alas

pingu85

Member
Italian
I'm here again!
How can I render "alas" in modern English? Do you think I'd better choose an onomatopoeic verb or select a modern interjection?
The sentence is: "The old hag wrings her hands, with alas and alas". It's 16th-century English.
Thank you.
 
  • Old Novice

    Senior Member
    USA, English
    I agree with panj that alas is still in use, but it would be useful to know why you want to render it in modern English to say for sure whether a change might be useful. :)

    The usage in your quotation seems outmoded, since today we'd be more likely to say something like "The old hag wrings her hands, saying 'alas' over and over." Or we might say "... her hands, moaning and groaning." So if you needed to bring the language fully up to date, you could try those.
     

    Loob

    Senior Member
    English UK
    Hi pingu

    I think it would help if we knew your objective in translating Gammer Gurton's Needle into contemporary English.

    Is the play still to be set in the 16th century? Or is it to be completely modernised?

    The answer could well affect the sort of language choices you make.

    EDIT: I see Old Novice got there before me:D
     

    Alxmrphi

    Senior Member
    UK English
    I'm only really familiar with alas as a declaration, I'd think it needs to be changed for a younger generation to understand it.

    Dictionary.com only gives one definition for it, the one I was referring to.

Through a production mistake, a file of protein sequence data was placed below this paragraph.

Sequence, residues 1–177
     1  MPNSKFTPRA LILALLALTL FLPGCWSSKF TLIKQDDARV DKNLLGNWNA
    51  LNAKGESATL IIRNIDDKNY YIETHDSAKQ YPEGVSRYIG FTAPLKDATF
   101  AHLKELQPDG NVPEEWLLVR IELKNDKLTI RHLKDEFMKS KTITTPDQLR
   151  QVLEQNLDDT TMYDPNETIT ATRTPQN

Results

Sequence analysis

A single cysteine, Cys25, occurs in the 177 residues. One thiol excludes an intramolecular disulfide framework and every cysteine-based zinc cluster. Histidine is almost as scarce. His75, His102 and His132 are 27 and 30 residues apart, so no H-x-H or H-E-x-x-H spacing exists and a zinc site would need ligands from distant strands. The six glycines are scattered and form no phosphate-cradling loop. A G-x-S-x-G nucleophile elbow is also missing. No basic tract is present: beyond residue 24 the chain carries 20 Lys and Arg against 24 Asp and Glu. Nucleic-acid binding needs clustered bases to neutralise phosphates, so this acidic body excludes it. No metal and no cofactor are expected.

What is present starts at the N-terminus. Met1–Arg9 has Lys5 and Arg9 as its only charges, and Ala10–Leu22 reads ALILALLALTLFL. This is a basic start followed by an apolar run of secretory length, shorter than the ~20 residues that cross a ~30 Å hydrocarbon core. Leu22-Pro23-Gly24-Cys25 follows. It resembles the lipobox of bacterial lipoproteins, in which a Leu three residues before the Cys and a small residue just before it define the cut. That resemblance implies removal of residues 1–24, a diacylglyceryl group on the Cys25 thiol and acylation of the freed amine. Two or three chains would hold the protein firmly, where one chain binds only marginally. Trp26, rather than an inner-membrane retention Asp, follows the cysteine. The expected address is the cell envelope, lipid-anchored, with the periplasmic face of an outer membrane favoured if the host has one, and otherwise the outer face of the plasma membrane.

–interjection (used as an exclamation to express sorrow, grief, pity, concern, or apprehension of evil.)
    Which sounds dated anyway, I've only ever heard it as a joke in spoken language, but, as the topic is about rendering something from Middle English, like Loob asked, we need to know if it's intended for modern audiences or if it's more important to keep an inherent old-fashioned tone to it.

    Alas I must depart, my ship for the land of nod sails in a few minutes...
     

    pingu85

    Member
    Italian
    Unfortunately, I do have to change "alas" (my teacher hates it...:D)
    The idea is that it should sound as if it were spoken by a modern English speaker in everyday life.
     

    suzi br

    Senior Member
    English / England
    If your teacher is just doing this for a lesson and not a real audience then chances are she's got her own idea (she's the one who hates the word, alas). You might as well ask her and let us know what she thinks!

    It's not a word used in daily conversation, but most of my students would recognise it in a play or other text without need for further glossary!
     

    pingu85

    Member
    Italian
    If your teacher is just doing this for a lesson and not a real audience then chances are she's got her own idea (she's the one who hates the word, alas). You might as well ask her and let us know what she thinks!

    It's not a word used in daily conversation, but most of my students would recognise it in a play or other text without need for further glossary!
    No, it's for an exam, this is why I'm so desperate!:eek: The idea is to imagine how people used to speak in the 16th century and then find an effective equivalent in modern English.